Last month, we virtually hosted our inaugural President’s Address with our President, Marvin Rees. Marvin became President of British Exploring Society in August 2019 and is also a Member (Young Explorer Svalbard 1990) and the Mayor of Bristol. His address focused on the central theme of the urgent need to ensure that young people, particularly those most excluded and disadvantaged, have the chance to develop resilience – a critical skill to help them tackle difficulties and thrive in times of stress. This is core to our work.
“So, key to me, really, is this question of resilience. Because as a mayor this question of how we overcome trials, how we keep it together, is increasingly important; not just as some kind of abstract idea, but for the lives of individuals who end up in our public services too frequently because of the circumstances in which they were born or the challenges they face.”
Marvin describes himself as the mixed-race son of a Jamaican father and a white single mother. Born in Bristol, he still lives there and is married with three children. He joined us as a young man on expedition in 1990 to Svalbard. During his President’s Address, he commented on the impact of awe in the wilderness in helping him to find his place in the world – or as he put it – finding his significance in his insignificance:
“The sense of being in a place that was untainted, climbing mountains that no one had ever climbed before. It’s very difficult to put into words – it just felt like we were breaking new ground. The real possibility of falling down crevasses and never being seen again. The experience of awe. All through our expedition we could hear the crack from the snout of the glacier on the edge of our camp. The freedom of that space.
It gave me a sense of the scale of the world – and how small the world I was rattling around in was. I come from the inner city, single mum, not much money. We didn’t really go outside our area very much. I think going up to Svalbard just blew my mind, just how vast the world was.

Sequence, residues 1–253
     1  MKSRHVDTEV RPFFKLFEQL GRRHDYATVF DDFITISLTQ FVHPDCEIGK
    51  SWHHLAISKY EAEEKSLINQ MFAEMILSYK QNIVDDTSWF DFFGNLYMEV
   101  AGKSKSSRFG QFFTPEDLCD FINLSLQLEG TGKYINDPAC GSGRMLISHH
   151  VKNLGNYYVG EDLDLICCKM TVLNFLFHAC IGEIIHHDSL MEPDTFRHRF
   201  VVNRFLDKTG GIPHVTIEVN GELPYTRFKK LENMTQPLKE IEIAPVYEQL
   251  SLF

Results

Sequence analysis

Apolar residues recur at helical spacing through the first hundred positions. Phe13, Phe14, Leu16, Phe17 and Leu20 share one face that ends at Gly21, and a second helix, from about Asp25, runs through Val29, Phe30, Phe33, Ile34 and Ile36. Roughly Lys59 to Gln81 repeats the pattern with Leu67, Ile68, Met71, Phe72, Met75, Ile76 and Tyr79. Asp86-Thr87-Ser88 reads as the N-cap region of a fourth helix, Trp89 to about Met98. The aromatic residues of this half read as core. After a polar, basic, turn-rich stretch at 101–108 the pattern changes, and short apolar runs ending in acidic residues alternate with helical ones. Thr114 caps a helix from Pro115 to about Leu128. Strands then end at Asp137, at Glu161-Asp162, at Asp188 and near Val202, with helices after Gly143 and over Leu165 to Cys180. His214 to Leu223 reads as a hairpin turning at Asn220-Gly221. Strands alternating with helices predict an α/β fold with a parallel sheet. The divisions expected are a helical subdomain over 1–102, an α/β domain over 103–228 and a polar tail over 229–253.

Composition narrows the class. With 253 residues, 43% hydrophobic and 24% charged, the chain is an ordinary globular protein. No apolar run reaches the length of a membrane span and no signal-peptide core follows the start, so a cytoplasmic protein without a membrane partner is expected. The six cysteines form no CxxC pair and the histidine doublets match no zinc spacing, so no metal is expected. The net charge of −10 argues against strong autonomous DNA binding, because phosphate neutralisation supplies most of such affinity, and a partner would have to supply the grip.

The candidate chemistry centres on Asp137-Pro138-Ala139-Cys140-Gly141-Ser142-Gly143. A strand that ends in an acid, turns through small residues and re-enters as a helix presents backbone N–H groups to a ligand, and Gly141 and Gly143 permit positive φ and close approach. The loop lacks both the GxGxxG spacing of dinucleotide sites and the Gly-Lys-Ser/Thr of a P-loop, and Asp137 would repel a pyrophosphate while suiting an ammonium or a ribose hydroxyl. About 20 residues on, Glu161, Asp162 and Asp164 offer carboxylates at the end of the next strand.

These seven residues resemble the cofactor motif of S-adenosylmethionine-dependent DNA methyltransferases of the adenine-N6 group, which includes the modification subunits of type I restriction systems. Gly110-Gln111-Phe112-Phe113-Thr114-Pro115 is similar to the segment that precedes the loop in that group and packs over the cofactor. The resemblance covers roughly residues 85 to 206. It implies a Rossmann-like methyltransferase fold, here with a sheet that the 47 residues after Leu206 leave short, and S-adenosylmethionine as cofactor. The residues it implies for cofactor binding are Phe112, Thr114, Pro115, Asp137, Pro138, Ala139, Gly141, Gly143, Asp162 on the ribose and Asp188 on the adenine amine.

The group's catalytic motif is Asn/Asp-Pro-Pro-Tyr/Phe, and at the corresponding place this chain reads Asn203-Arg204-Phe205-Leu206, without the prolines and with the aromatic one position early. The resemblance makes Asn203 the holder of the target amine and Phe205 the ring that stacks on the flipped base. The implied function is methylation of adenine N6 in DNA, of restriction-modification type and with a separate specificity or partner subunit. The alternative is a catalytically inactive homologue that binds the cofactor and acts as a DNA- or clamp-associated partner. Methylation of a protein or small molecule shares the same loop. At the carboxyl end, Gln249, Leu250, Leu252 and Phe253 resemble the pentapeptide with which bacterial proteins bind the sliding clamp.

I felt very, very vulnerable. Small and very insignificant. The irony was that, in that moment of insignificance, I knew I was alive in a way that I hadn’t felt before.”
Post-expedition, Marvin went on to obtain a Master’s degree in political theory and government at the University of Wales, a Master’s in global economic development at Eastern University in the States, and later completed the World Fellows Program at Yale University. In 2016 Marvin Rees became Mayor of Bristol, the first directly elected Mayor of African descent of a major European city:
“As a Mayor, it’s so important for me to tap into the sources of resilience for individuals and for wider society. I’ve used a proverb in Bristol a lot and it says: we don’t despise our sufferings because sufferings produce perseverance, perseverance character and character hope. Finding perseverance was the key to me to overcome a fear of failure that had paralyzed me for years. And not just overcoming alone but overcoming together.
But there’s a broader challenge in this which is about wider society, and again, as a city leader, I am frankly quite terrified about the levels of resilience in our society. I’m particularly concerned about the way our civic discourses are conducted on social media. We’re not building relationships as a society when mediated through social media.
The old methods of building personal resilience, trial, overcoming failure, suffering, are being substituted by likes and reposts through social media. I’m not saying to go to war with social media but we need alternative opportunities for people to build their resilience. If we don’t, we will build increasingly fragile individuals and fragile societies.”
Reflecting on the greater-than-ever need for independence, freedom of thought and resilience in young people, Marvin explained why he believes there is an urgent need for diversity in the outdoor sector and beyond.
“We have future climate shocks coming towards us. We’re about to go into the biggest economic depression in decades and we are experiencing increasingly divisive language around identity and belonging. We need individual resilience. We need community resilience. I am of the absolute belief that organizations like British Exploring Society can help make up for this deficit.
If certain sections of society are getting these opportunities and others are not, then those already advantaged are getting phenomenal opportunities to build more resilience into their lives. We’re strong as our weakest link. It’s important that we give opportunities to everyone in society to find significance, and to build resilience. Finally, we need to make sure we don’t kill the planet. The more people we can create the opportunity to engage with the wider planet, the better.”
Like so many of our Young Explorers, Marvin’s life since first joining us as a young man is an inspiration. He is a motivating role-model for the young people we are lucky enough to work with, too. His advice to our Young Explorers is:
- Do not let fear of failure paralyze you
- Make good friends – and take your time with it
- Serve to lead